Marc Levoy, the researcher responsible for the excellent camera used in the Google Pixel phones, has joined Adobe.
According to The Verge, Adobe says Levoy will build a ‘universal camera app.’
It’s not immediately clear what this means — The Verge suggested it could refer to an app platform that companies like Facebook or Snapchat could leverage to make their camera apps. Alternatively, it could refer to an app or software that works across say, a smartphone camera and DSLR. Adobe wasn’t able to define the term for The Verge.
Levoy will work on computational photography initiatives across Adobe. Adobe told The Verge that Levoy would work with the Photoshop Camera, Adobe Research and Sensei AI teams in an email statement.
Before Adobe, Levoy headed the team behind the Pixel smartphones’ computational photography technology. Features like Night Sight, Portrait Mode and HDR+ came out of that team. Levoy also helped the Pixels take great photos without as much hardware as the competition. For example, the Pixel line didn’t add a second telephoto zoom lens until the Pixel 4 last year, while the iPhone 7 Plus from 2016 was Apple’s first phone to include a second camera.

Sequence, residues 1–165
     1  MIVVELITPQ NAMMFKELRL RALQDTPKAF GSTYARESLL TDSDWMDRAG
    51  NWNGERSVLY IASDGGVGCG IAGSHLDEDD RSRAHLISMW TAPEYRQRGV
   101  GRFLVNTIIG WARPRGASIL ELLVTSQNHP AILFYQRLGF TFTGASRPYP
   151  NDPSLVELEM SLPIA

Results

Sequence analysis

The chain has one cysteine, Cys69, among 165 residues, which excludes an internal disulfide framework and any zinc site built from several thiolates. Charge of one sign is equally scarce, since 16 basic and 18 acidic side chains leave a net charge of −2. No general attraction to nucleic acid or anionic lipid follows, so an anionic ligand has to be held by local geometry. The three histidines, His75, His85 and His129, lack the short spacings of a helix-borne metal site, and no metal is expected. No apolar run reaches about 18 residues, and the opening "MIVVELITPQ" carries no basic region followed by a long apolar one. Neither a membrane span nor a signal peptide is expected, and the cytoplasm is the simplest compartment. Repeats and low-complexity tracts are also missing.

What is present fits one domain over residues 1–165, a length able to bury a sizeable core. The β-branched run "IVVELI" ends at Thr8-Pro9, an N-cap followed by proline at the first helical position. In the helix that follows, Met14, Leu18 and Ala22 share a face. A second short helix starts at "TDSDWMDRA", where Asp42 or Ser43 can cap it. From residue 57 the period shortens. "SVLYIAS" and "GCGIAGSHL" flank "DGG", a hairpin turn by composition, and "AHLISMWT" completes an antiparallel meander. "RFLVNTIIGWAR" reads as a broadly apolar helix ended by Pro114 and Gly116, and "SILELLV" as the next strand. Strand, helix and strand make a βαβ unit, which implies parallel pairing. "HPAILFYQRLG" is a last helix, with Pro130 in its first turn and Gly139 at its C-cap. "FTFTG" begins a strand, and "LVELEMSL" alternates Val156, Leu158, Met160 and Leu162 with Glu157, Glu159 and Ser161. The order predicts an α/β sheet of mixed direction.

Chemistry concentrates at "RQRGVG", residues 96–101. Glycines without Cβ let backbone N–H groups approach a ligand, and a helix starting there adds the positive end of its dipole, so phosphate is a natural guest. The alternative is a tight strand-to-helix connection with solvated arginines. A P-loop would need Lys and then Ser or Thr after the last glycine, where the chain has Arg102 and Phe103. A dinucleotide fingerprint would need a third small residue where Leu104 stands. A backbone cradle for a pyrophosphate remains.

Levoy left Google in March 2020 after working there for six years. Before joining Google full time, Levoy worked on the camera in the Google Glass Explorer Edition. Levoy also launched a Google-funded research project at Stanford in 2002 that eventually became Google Map’s Street View.
Source: The Verge